321 F2d 378 Paris v. United States
321 F.2d 378
116 U.S.App.D.C. 112
James E. PARIS, Appellant,
UNITED STATES of America, Appellee.
United States Court of Appeals District of Columbia Circuit.
Argued May 28, 1963.
Decided June 27, 1963.
Mr. Charles H. Quimby (appointed by this court), Washington, D.C., for appellant.
Mr. Tim Murphy, Asst. U.S. Atty., with whom Messrs. David C. Acheson, U.S. Atty., Frank Q. Nebeker, and William H. Collins, Jr., Asst. U.S. Attys., were on the brief, for appellee.
Before WILBUR K. MILLER, FAHY and MCGOWAN, Circuit Judges.
This appeal is from a conviction of carrying a dangerous weapon without a license, in violation of 22 D.C.Code 3204. At the trial appellant was acquitted of housebreaking and larceny, with which he was also charged in the same indictment.
A pistol was obtained from the person of appellant when he was arrested. Before trial he moved to suppress this evidence, claiming the arrest was unlawful. After a hearing on the motion it was denied. The pistol was admitted in evidence at the trial and the question we have is whether this was error, which in turn depends upon whether the arrest was lawful.
Since there was no arrest warrant we must decide whether the officer had probable cause to believe that an offense had been committed and that the appellant had committed it. We bear in mind that there is a 'difference between what is required to prove guilt in a criminal case and what is required to show probable cause for arrest or search.' Brinegar v. United States, 338 U.S. 160, 173, 69 S.Ct. 1302, 1309, 93 L.Ed. 1879 (1949). 'In dealing with probable cause * * * as the very name implies, we deal with probabilities. These are not technical; they are the factual and practical considerations of everyday life on which reasonable and prudent men, not legal technicians, act.' Id. 338 U.S. 175, 69 S.Ct. at 1310, 93 L.Ed. 1879. And see Draper v. United States, 358 U.S. 307, 79 S.Ct. 329, 3 L.Ed.2d 327 (1959), and Ker v. California, 374 U.S. 23, 83 S.Ct. 1623, 10 L.Ed.2d 726 (1963).
Appellant contends that the officer had no probable cause to believe that a housebreaking had been committed or to believe appellant was the offender. We think he did. The circumstances of the arrest which lead us to this conclusion are now stated.
The officer received a radio message to come to the place of business of the National Casket Company, where appellant and one Benjamin Hall, whose mother's home was the one broken into, were employed. On the way there the officer came up with appellant and Hall, neither of whom the officer knew. Hall advised the officer that his mother's house had been broken into while he and his mother were attending a funeral, that the crime had been reported to the Fifth Precinct, and that he had seen the appellant near the house shortly before the time the break-in occurred, though he had never before seen him in that area. Hall told the officer that appellant drove by the house slowly in the automobile of a fellow employee when Hall and his mother were leaving for the funeral, and that when he waved to appellant the latter ducked or made other furtive gestures. Hall described to the officer how upon returning to the house with his mother it was found that bonds, a sum of money, and two guns were missing. Hall said that subsequently he began to suspect appellant, went to the Casket Company and checked appellant's time card, which showed that he had been away from work during the time the crime was committed. Hall noticed bulges in appellant's pockets, confronted him, and requested appellant to empty his pockets and establish his innocence, which he refused to do. Hall told the officer appellant 'started acting like he was going to walk out,' so Hall had another person summon the police, and by the time they arrived Hall and appellant were out on the street, half a block from their place of employement. The officer, aftr listening to Hall, approached appellant, who appeared nervous, and told him what Hall had reported. Appellant denied committing the crime, whereupon the officer asked him how much money he was carrying, and appellant showed him one hundred and twenty-three dollars. The officer propounded a series of questions, and was told by appellant that he earned $60-$70 per week, ahd seven children, had saved up the sum he was carrying and had only that day withdrawn it from his bank, but for no accountable purpose. The officer decided to make the arrest, to which thesearch and seizure of the gun were incidental.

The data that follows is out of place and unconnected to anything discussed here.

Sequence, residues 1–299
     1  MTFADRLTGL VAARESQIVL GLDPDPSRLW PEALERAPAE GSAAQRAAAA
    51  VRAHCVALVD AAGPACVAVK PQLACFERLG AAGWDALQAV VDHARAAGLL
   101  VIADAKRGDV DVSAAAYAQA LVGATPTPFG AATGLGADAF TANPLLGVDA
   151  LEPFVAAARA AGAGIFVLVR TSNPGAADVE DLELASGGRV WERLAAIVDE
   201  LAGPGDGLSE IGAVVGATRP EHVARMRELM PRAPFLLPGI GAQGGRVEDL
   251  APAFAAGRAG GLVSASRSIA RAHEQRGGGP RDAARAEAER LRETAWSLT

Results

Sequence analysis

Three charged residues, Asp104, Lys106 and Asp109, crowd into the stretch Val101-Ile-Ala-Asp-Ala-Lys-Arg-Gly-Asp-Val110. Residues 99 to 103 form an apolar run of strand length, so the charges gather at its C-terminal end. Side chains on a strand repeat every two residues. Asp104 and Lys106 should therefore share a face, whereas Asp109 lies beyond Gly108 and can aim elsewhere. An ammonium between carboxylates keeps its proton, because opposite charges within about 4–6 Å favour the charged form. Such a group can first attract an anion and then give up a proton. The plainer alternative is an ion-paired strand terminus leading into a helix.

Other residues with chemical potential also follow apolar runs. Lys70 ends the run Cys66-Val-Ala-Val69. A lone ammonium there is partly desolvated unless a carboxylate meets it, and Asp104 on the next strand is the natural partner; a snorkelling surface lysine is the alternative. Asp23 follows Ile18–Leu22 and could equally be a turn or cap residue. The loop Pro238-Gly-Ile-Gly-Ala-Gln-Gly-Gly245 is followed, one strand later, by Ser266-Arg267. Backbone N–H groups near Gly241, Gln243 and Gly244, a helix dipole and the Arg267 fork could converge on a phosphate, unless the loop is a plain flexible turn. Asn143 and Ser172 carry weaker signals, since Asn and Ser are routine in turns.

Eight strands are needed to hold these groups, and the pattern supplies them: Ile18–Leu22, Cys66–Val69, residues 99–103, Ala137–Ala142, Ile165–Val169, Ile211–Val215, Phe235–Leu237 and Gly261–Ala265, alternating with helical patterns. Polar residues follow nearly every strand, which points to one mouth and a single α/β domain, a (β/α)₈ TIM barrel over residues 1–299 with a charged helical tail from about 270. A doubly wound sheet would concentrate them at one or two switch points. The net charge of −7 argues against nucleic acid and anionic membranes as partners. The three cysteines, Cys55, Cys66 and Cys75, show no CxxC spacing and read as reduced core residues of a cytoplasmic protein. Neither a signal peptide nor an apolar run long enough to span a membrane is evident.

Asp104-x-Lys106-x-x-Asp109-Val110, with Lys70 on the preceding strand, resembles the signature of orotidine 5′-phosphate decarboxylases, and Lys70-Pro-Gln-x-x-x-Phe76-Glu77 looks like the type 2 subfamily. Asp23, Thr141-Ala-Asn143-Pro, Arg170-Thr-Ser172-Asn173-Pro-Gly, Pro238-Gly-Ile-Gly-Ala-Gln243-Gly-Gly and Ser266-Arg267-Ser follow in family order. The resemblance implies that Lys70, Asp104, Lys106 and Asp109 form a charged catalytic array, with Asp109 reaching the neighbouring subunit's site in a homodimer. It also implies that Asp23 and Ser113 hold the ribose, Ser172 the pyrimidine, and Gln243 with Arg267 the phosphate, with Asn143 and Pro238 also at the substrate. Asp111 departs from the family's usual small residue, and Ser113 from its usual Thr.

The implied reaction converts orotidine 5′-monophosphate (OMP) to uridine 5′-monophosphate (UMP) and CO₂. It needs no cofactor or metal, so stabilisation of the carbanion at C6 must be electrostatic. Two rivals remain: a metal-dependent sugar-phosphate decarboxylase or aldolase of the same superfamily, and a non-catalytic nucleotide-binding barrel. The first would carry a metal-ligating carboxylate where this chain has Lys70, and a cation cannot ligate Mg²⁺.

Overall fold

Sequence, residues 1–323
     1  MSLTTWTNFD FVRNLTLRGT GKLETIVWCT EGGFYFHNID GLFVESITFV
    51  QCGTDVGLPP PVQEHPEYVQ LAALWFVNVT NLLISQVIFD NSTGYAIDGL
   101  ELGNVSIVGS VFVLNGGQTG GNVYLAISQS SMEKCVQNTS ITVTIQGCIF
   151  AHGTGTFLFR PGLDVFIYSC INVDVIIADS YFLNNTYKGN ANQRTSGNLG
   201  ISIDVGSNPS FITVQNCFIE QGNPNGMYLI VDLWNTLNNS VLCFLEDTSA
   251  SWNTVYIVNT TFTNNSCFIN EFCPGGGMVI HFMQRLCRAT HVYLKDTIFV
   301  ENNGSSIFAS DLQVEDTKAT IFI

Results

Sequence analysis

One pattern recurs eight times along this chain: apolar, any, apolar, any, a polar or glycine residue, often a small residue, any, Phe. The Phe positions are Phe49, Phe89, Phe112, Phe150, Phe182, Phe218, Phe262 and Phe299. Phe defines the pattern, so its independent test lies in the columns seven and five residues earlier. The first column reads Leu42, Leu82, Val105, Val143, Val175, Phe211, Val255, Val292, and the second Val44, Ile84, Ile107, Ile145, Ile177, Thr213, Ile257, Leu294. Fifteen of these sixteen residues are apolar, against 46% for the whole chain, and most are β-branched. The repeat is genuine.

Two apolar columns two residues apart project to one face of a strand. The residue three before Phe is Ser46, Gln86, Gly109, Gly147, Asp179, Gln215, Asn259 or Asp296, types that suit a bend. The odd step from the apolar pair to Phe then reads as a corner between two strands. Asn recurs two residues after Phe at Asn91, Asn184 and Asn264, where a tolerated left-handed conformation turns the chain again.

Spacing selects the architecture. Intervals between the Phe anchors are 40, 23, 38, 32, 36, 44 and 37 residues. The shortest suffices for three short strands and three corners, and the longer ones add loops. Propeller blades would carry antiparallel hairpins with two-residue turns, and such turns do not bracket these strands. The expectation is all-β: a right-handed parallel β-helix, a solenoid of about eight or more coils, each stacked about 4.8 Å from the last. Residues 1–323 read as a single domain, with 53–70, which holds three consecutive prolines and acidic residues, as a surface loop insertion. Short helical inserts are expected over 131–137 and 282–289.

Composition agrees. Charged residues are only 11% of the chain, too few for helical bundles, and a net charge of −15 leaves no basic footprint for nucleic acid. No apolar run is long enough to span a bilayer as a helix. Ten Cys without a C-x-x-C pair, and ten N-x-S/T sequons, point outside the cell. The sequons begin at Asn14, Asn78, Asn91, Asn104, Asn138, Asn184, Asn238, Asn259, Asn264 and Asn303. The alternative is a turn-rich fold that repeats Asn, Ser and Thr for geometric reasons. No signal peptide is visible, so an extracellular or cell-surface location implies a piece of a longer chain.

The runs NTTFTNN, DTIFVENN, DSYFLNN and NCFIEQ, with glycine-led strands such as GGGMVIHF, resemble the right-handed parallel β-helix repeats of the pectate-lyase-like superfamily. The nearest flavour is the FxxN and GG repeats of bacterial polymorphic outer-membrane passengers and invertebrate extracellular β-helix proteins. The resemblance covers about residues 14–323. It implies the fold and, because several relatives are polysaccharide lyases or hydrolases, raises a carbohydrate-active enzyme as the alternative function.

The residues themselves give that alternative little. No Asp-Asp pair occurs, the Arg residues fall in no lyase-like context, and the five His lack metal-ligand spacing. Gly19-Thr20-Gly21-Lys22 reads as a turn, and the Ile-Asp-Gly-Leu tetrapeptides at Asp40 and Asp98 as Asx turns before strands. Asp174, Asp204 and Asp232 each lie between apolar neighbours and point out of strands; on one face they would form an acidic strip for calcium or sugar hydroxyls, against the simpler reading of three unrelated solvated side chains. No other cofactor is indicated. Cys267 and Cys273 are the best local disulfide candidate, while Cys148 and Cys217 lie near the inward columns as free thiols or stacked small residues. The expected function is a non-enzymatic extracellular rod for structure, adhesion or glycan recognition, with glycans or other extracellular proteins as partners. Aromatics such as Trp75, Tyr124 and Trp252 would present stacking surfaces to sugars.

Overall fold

Doubts which we might entertain about the sufficiency of the information on the basis of which the arrest was made are resolved in favor of its validity by the strong belief held by Hall, communicated to the officer, that appellant was the one who had broken into his mother's home, and the basis for that belief. The two men were not strangers; they were fellow employees at the same establishment. Due to their close association Hall was able to come to a more definite conclusion, arising from appellant's conduct, than otherwise might be the case. This, coupled with the officer's observation and other information he learned from both Hall and appellant, gave him as a prudent officer cause to believe both that the purported offense had taken place and that appellant was the one who had committed it. The arrest being lawful, the pistol obtained incidentally thereto was not inadmissible if it constituted relevant and material evidence, as to which there is no dispute.